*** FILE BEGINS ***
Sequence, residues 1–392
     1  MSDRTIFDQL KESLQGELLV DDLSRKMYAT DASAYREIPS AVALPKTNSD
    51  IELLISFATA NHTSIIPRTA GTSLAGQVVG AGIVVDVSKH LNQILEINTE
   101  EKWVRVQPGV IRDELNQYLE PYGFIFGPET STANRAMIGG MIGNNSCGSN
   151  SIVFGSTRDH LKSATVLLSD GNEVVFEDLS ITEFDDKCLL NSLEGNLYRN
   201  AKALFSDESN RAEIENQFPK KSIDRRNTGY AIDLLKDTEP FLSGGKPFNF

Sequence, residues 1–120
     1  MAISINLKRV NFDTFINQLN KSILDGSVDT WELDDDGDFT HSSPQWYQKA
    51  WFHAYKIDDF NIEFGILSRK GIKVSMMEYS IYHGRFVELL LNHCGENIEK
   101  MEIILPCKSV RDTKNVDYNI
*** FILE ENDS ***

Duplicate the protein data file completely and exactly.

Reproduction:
Sequence, residues 1–392
     1  MSDRTIFDQL KESLQGELLV DDLSRKMYAT DASAYREIPS AVALPKTNSD
    51  IELLISFATA NHTSIIPRTA GTSLAGQVVG AGIVVDVSKH LNQILEINTE
   101  EKWVRVQPGV IRDELNQYLE PYGFIFGPET STANRAMIGG MIGNNSCGSN
   151  SIVFGSTRDH LKSATVLLSD GNEVVFEDLS ITEFDDKCLL NSLEGNLYRN
   201  AKALFSDESN RAEIENQFPK KSIDRRNTGY AIDLLKDTEP FLSGGKPFNF

Sequence, residues 1–120
     1  MAISINLKRV NFDTFINQLN KSILDGSVDT WELDDDGDFT HSSPQWYQKA
    51  WFHAYKIDDF NIEFGILSRK GIKVSMMEYS IYHGRFVELL LNHCGENIEK
   101  MEIILPCKSV RDTKNVDYNI